30 april 2022

Blog #24 | Travel vloggers portray themselves as innocent content creators, but their work is highly politicised

“I hope the video from Syria I’m making will pleasantly surprise some of you when you see it. An incredible country with incredible people” the popular vlogger Bald and Bankrupt (3,5 million subscribers on YouTube) recently wrote on Instagram. The footage is a collection of tourist snapshots: shawarma in Homs, a visit to the Baron hotel in Aleppo, a football match of Tishreen SC and a Catholic procession in Latakia.

Bald and Bankrupt is not the first travel vlogger to tick off post-revolution Syria from his bucket list of “alternative” destinations. Other vloggers have preceded him in recent years: Drew Binsky (3,16 million subscribers on YouTube), Eva Zubeck (1,9 million subscribers on YouTube) and Jay Palfrey (1,3 million subscribers on YouTube) and more. They like to portray themselves as innocent content creators, but their work is highly politicised.

As Assad’s forces and Russia bombed residential areas, hospitals and schools in Aleppo, northern Syria, in 2016, the Syrian Ministry of Tourism launched another propaganda campaign. Panoramic shots of vast beaches, crystal blue waters of the Mediterranean and swaying palm trees make the viewer imagine themselves in another Syria. With these images, the ministry tried to entice tourists to take a relaxing vacation in the country devastated by state terror. More staged videos of lively cities, breath taking nature and historical cultural heritage soon followed.

However, Syria is not (yet) at the top of lists of tourist destinations. The glossy advertisements have not been able to hide the contemporary image of Syria as a “war zone”. Moreover, cities that have been bombed are not considered a highlight by the average tourist.

Nevertheless, the efforts of the Syrian Ministry of Tourism do seem to be having an effect on a specific group of tourists*: the destination is gaining popularity among travel vloggers. For this group, conflict areas such as Syria are ideal to give their online identities a “boost” and sell snapshots as consumer goods to millions of followers. After all, the validity of the content is measured by the exclusivity of the experience.

Travel vloggers portray themselves as innocent content creators, but their work is highly politicised. Unlike qualified journalists and correspondents, they claim to show the “real life” and the “other side” behind horrific headlines. In doing so, travel vloggers uncomfortably often follow in the footsteps of colonists of the past. The perspective they show is highly selective and solely focused on fulfilling their personal (commercial) interests: creating click worthy content.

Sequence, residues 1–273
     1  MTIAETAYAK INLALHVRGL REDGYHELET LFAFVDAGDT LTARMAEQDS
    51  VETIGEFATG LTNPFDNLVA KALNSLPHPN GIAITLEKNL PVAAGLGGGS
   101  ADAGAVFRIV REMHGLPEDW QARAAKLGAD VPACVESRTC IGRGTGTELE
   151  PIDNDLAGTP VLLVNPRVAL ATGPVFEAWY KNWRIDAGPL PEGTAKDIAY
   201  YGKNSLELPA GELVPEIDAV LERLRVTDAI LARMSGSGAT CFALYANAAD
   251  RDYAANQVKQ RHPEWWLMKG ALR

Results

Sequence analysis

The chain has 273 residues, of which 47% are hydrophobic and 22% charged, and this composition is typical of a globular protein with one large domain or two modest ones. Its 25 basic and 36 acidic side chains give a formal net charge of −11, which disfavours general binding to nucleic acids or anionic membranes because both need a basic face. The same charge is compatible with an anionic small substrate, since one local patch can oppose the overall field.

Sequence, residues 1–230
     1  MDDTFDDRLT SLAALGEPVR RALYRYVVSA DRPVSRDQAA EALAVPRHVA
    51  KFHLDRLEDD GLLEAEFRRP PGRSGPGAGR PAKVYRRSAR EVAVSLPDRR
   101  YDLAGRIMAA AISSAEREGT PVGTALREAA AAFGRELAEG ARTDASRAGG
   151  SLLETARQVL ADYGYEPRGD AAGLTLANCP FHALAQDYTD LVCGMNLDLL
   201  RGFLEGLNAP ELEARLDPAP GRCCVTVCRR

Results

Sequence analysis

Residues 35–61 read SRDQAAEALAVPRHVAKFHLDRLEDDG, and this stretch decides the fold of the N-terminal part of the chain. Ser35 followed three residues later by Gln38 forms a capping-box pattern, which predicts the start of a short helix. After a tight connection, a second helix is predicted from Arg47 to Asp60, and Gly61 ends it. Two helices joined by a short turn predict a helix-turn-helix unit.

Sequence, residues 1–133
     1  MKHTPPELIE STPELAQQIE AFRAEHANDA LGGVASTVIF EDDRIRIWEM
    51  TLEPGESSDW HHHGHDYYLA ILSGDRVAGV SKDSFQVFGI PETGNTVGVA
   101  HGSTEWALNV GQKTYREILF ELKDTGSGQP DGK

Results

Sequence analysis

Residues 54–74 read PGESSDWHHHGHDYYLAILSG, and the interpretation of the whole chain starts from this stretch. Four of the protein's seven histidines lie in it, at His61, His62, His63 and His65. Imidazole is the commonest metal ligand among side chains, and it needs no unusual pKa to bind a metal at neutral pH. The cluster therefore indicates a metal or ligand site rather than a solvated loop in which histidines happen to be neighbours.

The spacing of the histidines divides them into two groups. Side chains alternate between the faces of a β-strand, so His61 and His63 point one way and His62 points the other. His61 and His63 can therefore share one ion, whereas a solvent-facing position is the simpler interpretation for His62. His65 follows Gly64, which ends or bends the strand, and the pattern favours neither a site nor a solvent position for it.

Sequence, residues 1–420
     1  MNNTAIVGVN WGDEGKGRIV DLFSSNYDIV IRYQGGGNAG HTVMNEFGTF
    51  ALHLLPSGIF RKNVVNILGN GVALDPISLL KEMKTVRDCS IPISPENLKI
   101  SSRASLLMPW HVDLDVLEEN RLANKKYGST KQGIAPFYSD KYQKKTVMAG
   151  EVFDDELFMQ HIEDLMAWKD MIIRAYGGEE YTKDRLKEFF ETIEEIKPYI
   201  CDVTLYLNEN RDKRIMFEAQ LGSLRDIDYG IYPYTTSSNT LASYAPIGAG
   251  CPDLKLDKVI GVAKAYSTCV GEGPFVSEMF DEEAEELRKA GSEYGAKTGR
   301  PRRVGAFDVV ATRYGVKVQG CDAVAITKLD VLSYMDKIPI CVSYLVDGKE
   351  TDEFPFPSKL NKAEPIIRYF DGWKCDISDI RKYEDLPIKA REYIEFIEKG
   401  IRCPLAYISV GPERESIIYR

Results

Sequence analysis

Not all tourists are welcome in Syria. The visas are issued by the fascist Assad regime (for your information: the same regime that has displaced half of Syria’s population and made 130,000+ Syrians disappear into torture dungeons since 2011). In exchange for conditional access to this “unique” destination, vloggers strip themselves of all moral duties and a critical attitude. Once they arrive, all tourists (including vloggers) are obliged by law to be accompanied by a guide approved by the regime. Syrians know very well that these guides are mandated to act like Mukhabarat agents. Therefore, in their interaction with tourists, they will avoid politics or parrot the regimes propaganda. Thus, the Assad regime indirectly determines which lens vloggers look through. What they do and don’t get to see is by no means a coincidence, but rather a staged experience.

That is why almost all travel vlogs about Syria follow a strong degree of predictability: Damascus (Ummayad mosque, traditional ice cream at Bakdash and a random bar serving Barada beer), Malloula, Homs, Krak des Chevaliers and Aleppo. Along the way, the vloggers talk to “locals” (oh hello regime-approved guide in the background!) who not coincidentally echo the propaganda of the Assad regime. The vloggers casually drop vague moralistic messages about the “nonsense” of war, without holding the Assad regime responsible. For sure, a sneer at western media and journalists for creating an “biased” and “false” image of Syria may not be missing.

A trip to Syria may provide experiences, but it requires effort and knowledge to understand their meaning within a complex political context. By stating that the war is over, the “terrorists” have been defeated and Syria is safe again, travel vloggers reinforce the regime’s propaganda. This makes their YouTube channels unintentionally effective channels to normalize the image of Syria under Assad. In doing so, vloggers drag behind them an unmistakable collateral damage of misinformation with disastrous consequences. We should hold them accountable for that.

Want to learn more about the heinous crimes of the Assad regime? Read this article in the Guardian about how two academics hunted down a Syrian war criminal. The reality that travel vloggers won’t show you.

* Travel vloggers distinguish themselves from tourists by describing themselves as travellers, but they are nothing more than tourists in denial.

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